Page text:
Signs Point to "Tsunami" of Lawsuits Imminent for Financial Advisors
Has a “tsunami” of investor complaints against financial advisors landed, as plaintiff lawyers predicted it would following a market correction?
Yes, according to Andrew Stoltmann, a Chicago-based plaintiff lawyer and a director and past president of the Public Investors Arbitration Bar Association.
Lawyers who usually defend financial advisors against clients’ allegations, and even broker-dealer managers — including Raymond James Financial’s CEO Paul Reilly — also anticipate that, if the equity markets keep skidding, a rise in investor complaints will follow.
It was during an interview with FA-IQ in September 2018 that Stoltmann used the “tsunami” term to describe the amount of litigation targeting advisors he expected if the S&P Index slid south.
Since he made that comment, as stock indexes kept dropping December and early January, Stoltmann reports investors have called him asking to lodge complaints against their advisors.
“We’ve gotten probably a 20% higher volume of calls in the last four months versus 12 months ago. The reason is because of the plummeting markets,” Stoltmann says.
And Stoltmann is not the only plaintiff lawyer spotting an uptick in investors seeking to file claims against their financial advisors. “That’s probably a conservative number,” says Marnie Lambert, a Columbus, Ohio lawyer who is also a PIABA board member, about Stoltmann’s 20% increase in calls.
Both Stoltmann and Lambert, as with most plaintiff lawyers representing investors, charge their clients on a contingency basis rather than hourly fees. The plaintiff lawyers get paid only if their clients win damage awards, and they only get paid well if their clients win big damage awards. Therefore, their willingness to represent clients hinges on the size of the investment losses. With the stock market downturns, investors’ losses have grown and so have their potential damage award amounts — inspiring plaintiff lawyers.
Raymond James’ Reilly will reap no financial rewards if greater numbers of clients file legal complaints against the broker-dealer’s advisors. Indeed, the litigation would likely nick Raymond James’ profits.
But Reilly recently conceded to an audience of analysts, as he detailed the company’s 2018 fourth quarter results, that “downturns tend to bring out more cases.”
For the fourth quarter of the fiscal year ending Sept. 30, 2018, Raymond James reported net revenues of $1.90 billion and net income of $262.7 million. The results of the quarter were “negatively impacted” by not only unrealized losses on its private equity investments, but also an increase in the company’s cash reserves for legal matters, the company reported.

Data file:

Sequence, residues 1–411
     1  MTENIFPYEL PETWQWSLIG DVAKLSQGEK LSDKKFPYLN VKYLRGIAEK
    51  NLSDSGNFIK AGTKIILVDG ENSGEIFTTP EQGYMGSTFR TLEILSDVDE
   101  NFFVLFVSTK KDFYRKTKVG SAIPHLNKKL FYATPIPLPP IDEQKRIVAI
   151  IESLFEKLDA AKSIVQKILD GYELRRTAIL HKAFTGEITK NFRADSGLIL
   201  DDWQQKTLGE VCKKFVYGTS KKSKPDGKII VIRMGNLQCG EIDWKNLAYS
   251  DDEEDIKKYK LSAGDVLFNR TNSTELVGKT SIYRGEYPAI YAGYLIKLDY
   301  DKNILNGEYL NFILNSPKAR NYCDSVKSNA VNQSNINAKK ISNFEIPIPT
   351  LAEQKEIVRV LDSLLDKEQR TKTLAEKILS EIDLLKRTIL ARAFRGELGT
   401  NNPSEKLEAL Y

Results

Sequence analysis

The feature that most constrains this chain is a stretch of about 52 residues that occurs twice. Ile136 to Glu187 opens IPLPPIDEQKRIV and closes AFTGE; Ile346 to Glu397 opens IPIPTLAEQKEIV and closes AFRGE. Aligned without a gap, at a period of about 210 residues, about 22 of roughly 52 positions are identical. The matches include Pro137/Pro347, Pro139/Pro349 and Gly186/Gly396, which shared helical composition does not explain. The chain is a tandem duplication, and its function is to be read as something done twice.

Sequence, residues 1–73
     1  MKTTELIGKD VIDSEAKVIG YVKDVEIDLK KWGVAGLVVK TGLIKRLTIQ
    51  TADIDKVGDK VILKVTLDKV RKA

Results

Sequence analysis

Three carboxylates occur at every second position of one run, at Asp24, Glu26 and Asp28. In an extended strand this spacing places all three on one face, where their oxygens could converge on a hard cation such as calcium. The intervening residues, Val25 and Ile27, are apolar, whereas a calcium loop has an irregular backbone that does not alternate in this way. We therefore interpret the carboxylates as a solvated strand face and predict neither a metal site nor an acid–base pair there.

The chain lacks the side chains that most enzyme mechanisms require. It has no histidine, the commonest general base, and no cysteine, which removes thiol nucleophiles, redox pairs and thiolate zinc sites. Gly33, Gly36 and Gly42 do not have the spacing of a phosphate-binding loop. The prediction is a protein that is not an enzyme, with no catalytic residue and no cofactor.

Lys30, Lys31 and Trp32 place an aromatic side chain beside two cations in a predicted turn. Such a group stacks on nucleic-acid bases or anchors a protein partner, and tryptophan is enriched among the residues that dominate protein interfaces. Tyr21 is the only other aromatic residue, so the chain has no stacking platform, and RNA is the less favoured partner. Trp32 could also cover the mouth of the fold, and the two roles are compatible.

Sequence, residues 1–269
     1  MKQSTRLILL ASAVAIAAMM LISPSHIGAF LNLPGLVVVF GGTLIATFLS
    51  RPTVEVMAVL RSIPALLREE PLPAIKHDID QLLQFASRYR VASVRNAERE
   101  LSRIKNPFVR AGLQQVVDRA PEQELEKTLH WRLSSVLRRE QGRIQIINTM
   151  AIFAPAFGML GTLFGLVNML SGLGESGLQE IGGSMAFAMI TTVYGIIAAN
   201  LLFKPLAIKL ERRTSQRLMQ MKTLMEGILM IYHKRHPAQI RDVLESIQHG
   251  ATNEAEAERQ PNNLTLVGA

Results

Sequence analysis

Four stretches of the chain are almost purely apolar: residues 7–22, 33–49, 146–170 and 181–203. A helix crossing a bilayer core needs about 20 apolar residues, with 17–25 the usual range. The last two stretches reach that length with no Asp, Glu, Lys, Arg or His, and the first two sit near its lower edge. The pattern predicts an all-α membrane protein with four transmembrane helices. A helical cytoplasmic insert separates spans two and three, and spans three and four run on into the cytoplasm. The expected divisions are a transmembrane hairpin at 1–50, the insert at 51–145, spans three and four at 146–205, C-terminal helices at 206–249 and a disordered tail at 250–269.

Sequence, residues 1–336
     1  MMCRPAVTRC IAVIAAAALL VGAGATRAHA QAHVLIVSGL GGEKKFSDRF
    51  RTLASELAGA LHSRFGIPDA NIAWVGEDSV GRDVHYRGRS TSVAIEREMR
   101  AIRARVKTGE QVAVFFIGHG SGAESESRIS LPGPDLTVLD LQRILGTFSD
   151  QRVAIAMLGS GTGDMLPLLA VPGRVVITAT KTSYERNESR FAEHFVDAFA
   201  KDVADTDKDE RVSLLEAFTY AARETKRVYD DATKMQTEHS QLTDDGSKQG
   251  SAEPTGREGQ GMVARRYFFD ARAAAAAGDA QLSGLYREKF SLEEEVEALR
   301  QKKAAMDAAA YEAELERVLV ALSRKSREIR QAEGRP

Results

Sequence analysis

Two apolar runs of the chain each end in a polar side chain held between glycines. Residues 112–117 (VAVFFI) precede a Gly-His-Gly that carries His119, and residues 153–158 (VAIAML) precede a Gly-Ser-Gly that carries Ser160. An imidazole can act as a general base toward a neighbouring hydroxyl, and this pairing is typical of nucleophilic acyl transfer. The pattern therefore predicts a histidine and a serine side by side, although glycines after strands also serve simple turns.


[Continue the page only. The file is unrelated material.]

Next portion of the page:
“It’s been elevated about $10 million-ish,” Reilly told the analysts about Raymond James’ legal reserves’ costs. “It’s just too hard to tell” if all that will be needed, Reilly said.
An escalation in broker-dealers’ reserves for legal matters usually signals more about the expected expenses of individual cases that have already been filed, rather than macro-economic factors, such as stock markets sliding, according to Jonathan Brennan, who, prior to opening his own New York law firm this summer, served as Merrill Lynch’s lead lawyer for its wealth management unit’s customer litigation division.
Although Brennan rejects broker-dealers’ legal reserve costs as an accurate leading indicator of investor-against-advisor litigation trends, the former Merrill Lynch executive also expects more investors to file allegations against advisors as asset portfolios shrink. Already, Finra statistics show there has been a spike, Brennan says. In 2018, according to recently released Finra numbers, there were 2,713 new customer complaints filed against broker-dealers — a 20% increase from the previous year.
Broker-dealers’ internal customer complaint departments will most likely be the first to spot a significant increase in clients’ beefs with their advisors, and those units typically don’t publicize those numbers, Brennan says.
Clients usually lodge complaints with those internal departments before proceeding to Finra, he says. The broker-dealer's internal units’ reviews of clients’ complaints typically delay by a few months any increase in Finra filings, Brennan says.
If, by the end of this year’s first quarter, investors start seeing declines not just in their profits but also in their principal investments, Brandon Reif expects a deluge of complaints against financial advisors will follow.
The managing partner of the Reif Law Group in Los Angeles, Reif typically defends broker-dealers and RIAs against investors’ complaints. If their asset portfolios shrink to values lower than what they were when they began with an advisor, clients will have stronger arguments to make during legal battles targeting financial advisors, Reif says. They will argue their financial advisors failed to warn them adequately of the risks of losing principal, Reif says.
“We are getting to that tipping point,” Reif warns.